The vintage globes?  Goodwill, of course.  I look to see if the country in Africa is called Rhodesia or Zimbabwe in order to see how old it is.  Rhodesia means it is vintage.  I also look for the Soviet Union vs.individual countries like Russia and Ukraine, added after the fall of the Berlin Wall.    The little bead board cabinet was left out for garbage pick up when my church was renovated.  The shutters were in my attic when I moved in.  The little picture frame came from a yard sale and the pic of the little boy inside came from an old reading book.

I've been under a lot of stress with my father's illness, so please forgive all the edits I had to make on a second look at this.

Sunday, July 18, 2010

Housework as Liturgy

I hope you all enjoy the excerpt below taken from the devotional book I am reading

An Altar in the World
by Barbara Brown Taylor

Cleaning refrigerators and toilets helps you connect with the food cycle at both ends. Making beds reminds you that life-giving activities do not take up much space. Hanging laundry on the line offers you a chance to fly prayer flags disguised as bath towels and underwear. If all life is holy, then anything that sustains life has holy dimensions too. The difference between washing windows and resting in God can be a simple decision: choose the work, and it becomes your spiritual practice. Spraying the vinegar and water on the pains, you baptize the glass. Rubbing away the film, ye repent ye of your sins. Polishing the glass, you let in the light. No task is too menial to serve as a path. If you are able to sustain other lives along with your own, then all the better.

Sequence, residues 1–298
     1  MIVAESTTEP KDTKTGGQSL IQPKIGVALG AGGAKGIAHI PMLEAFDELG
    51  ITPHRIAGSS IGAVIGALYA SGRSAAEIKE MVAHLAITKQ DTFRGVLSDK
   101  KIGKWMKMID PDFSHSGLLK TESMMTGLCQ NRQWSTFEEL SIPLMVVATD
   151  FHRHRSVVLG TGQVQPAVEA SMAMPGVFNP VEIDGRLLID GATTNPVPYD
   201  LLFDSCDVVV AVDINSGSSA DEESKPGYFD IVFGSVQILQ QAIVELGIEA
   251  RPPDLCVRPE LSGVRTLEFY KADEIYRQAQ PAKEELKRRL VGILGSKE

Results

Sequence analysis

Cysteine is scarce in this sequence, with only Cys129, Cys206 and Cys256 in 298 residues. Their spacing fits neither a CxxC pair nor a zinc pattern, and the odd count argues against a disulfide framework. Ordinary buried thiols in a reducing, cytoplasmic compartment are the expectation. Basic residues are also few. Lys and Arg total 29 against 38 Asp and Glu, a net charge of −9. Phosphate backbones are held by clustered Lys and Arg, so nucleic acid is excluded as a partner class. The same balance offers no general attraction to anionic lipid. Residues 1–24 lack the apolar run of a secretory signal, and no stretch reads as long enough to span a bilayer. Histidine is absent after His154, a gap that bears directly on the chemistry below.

Thursday, July 15, 2010

Decorating with Vintage Clothing

I've become fascinated lately with using vintage clothing as decor.  Over the last few months, I've run across an amazing beaded flapper dress, two sweet christening gowns, and some beautiful lingerie from the fifties (bed jackets with lace and nightgowns) that I've ended up using in the little vignettes I like to scatter around my home.   

My window treatments are extremely simple; vintage priscilla curtains, lace curtains which I tea dye, or solid-color sheets that I purchase on sale.  I'm sure that you know how to make a curtain that way, right?  Just open the top hem of the sheet with a seam ripper, the part of the sheet you'd fold over the blanket when making the bed, and stick a rod through it.  I use wide ribbons marked down from Michaels as tie backs and often fasten the handle of a pretty vintage tea cup into the bow.  I've been using vintage clothes to dress up these windows on the cheap. 

In the pic above, the darling Battenberg lace dress and child's hat from the fifites were under $5 together.  The ceramic birds were from Goodwill and The Dollar Store.  I took the picture in sepia tones.  I love how it turned out.

I've hung adult clothes on vintage wooden or satin lingerie hangers that I pick up cheaply at thrift stores.  I hang the bigger garments on the rod, right on top of the curtain with some pretty spectacular results.   These lovely old dresses or nighties that I pick up cheaply (my rule is that they must be under $5) look casually stunning hung over a bedroom door from the top, with some coordinating old costume jewelry hanging with them.  It is easy to find things which coordinate with any color scheme.  I like to imagine that the pink and white bed jacket with roses and white nighties were left hanging on my bedroom door by a fomer resident of 256 Constitution Avenue, taking me right back to the 1940's. 

Simple,white baby clothes look lovely tea-dyed, starched, and hung against old windows resuced from the street and used for display.  Finally, I like those wooden accordian-type hanging affairs that you might see in a kitchen or laundry room for display.  You know the kind that you find at garage sales and thrift stores.  I spray paint them white and hang starched baby clothes, and even battered baby shoes, from the posts, along with charming flowered vintage plates, and hydrangea bouquets from the front yard.  You can created a unique, personalized display for a very small price.

Thursday, July 1, 2010